Bringing you honest reviews of recent releases
Something has landed on Earth.
And it’s stuck.
Across town, a group of young friends discover the landing and set off to find it. But when they do find it, it changes their lives forever..
Brian “Astro” Bradley – Tuck
Reese Hartwig – Munch
Teo Halm – Alex
Ella Wahlestedt – Emma
Jason Gray-Stanford – Dr. Lawrence Masden
Echo – Himself
Let me make one thing perfectly clear: this is a children’s movie. If you’re going along to the cinema as an adult thinking you’re in for an ‘interesting’ or ‘in-depth’ bit of sci-fi, you’re wrong. Because ultimately, Earth To Echo is a handful of children no more than twelve years old whizzing around on their bikes whilst on a quest for ‘parts’ a little alien creature needs in order to fix his spaceship and get home. After discovering a piece of ‘junk’ which seems to echo the noises they make (speaking, clapping, etc.), Alex, Munch and Tuck hide themselves away in a deserted barn where the real fun begins..
The ‘junk’ opens to reveal a tiny creature of some sort who can understand the what the boys’ say to it, and responds to them. There follows a scene where the boys enjoy the splendour of conversation with an alien, which then moves on to the real stuff – the mission for parts. This movie takes place during one night, being filmed continuously by Tuck on camcorder. The boys are sent to various locations all over their state by a mapping system Echo zaps into their mobile phones. Once at each location, they need to find the metallic object Echo needs as a part for his ship which he immediately absorbs and becomes slightly bigger.
I’m not going to lie – this movie is a load of bollocks, from beginning to end. But then I’m not a child so this is obvious. For younger viewers Earth To Echo will entertain. It’s not brilliant, but it will deliver the right amount of “oooh” and “aaah” reactions due to its child actors racing around on their bikes, the feeling of adventure and discovery, and of course Echo himself, who is nicely animated.
As I sat watching this movie, I realised something was missing. I can’t pinpoint exactly what, but it needed an injection. More of a kick. Earth To Echo certainly isn’t your normal child-befriends-alien flick; this is displayed clearly in the lack of relationship values between the two species. It centres more around the friendship between the three boys, focusing heavily on how they get on together, their reactions when one of them is hurt or seperated from the group, etc.
A few other critics / forums have billed Earth To Echo as ‘the new E.T.’ and ‘The Goonies’.
It really isn’t. Because in E.T. a very powerful bond was formed between the children and the alien to the point of them actually loving him like a family member. They discover E.T. and the witty antics immediately kick off, blossoming into a wonderful relationship – hence why the ending is quite emotional for some viewers.
In Earth To Echo, it is at least forty-five minutes before the creature makes his appearance, and even then it’s as though he is incredibly shy. He keeps his distance from them for a while. The relationship between boys and alien was broken; a massive divide which immediately stamped out any magical or adventurous atmosphere. In a nutshell, Echo uses the group of friends to find parts for his ship so he can get out of there – that’s the plot. And it’s not very exciting. But again, younger viewers (I’d say from about five to nine years old) will no doubt enjoy the overall ‘wow, we found an alien’ concept.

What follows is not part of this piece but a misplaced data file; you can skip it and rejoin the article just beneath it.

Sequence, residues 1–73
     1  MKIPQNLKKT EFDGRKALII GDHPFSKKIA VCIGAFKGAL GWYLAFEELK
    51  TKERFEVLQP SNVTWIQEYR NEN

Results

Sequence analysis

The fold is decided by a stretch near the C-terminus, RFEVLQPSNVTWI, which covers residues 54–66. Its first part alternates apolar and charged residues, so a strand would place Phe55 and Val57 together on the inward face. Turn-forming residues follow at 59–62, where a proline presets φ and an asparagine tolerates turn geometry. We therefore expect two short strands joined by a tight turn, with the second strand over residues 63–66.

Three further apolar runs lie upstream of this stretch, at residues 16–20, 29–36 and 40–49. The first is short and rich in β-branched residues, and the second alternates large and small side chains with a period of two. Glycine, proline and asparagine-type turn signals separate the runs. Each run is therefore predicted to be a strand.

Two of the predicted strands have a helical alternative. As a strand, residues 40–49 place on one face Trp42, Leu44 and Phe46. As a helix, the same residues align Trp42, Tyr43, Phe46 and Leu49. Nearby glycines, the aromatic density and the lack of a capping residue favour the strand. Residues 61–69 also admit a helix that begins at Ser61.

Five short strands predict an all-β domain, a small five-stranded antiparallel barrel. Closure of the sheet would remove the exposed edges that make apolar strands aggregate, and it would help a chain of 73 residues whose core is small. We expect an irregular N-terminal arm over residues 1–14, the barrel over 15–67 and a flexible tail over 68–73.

This movie definitely borrows key elements from other features. For example:
Chronicle (2012) – uses the same style of documenting alien activity by use of handheld camera. Also mirrors the three friends aspect.
Super 8 (2011) – a bunch of young kids, alien activity, lingering looks into the sky, recording it all on camera.. need I say more?
Wall-E (2008) – this movie came to mind when I first saw the poster for Earth To Echo. I thought to myself, “oh look – a sequel to Wall-E”. I mean Christ, the two metal personalities even have a similar look.
This movie was basically made from the ingredients of other features, and glued together quickly in the hopes of bringing something new and refreshing to the screen. But in all honesty, it couldn’t have been more recycled. Maybe director Dave Green wanted to wow audiences worldwide with a “hey guys check it out, no-one’s done one like THIS before..!”
..didn’t work really, did it Dave. Even the poster is similar to E.T.
So this wouldn’t be first choice on my rental list, but the movie brought a smile to my face whenever Echo was on screen. And it was all down to the lush special effects used to create the cute little bugger. Just a blink of those sad wide eyes and a tilt of his head, and I went all gooey. I was actually captivated by Echo whenever he was on screen; he radiates with a gorgeous blue-purple colour, makes cute buzzing sounds, etc. He’s bloody adorable, I was sat with a smile on my face during his main scenes. Yes, call me a Homo (I am), or soppy (I am), but I loved Echo – and wanted to take him home. Seriously though, my eyes were glued to the screen as I absorbed the warmth of the character – he was definitely the best part of this movie. Yet this is why my opinin of Earth To Echo is split; a lovely colourful character shoved into a slack film whose approach to cinema is to borrow ideas from other films.
Earth To Echo is a soft watch, and definitely for younger viewers. Its lack of substance and plot gives it a bare structure but no decent filling. Think of Reeses’s Pieces – without the peanut butter. I mean, where’s the fun in that?
From an adult point of view, I wouldn’t sit through this tripe again if you paid me to do so. But for children it’s a gloriously tacky adventure flick they’ll no doubt be entertained hugely by. If you have little ones, take them along – give them an afternoon out they’ll enjoy more than being taken to the supermarket.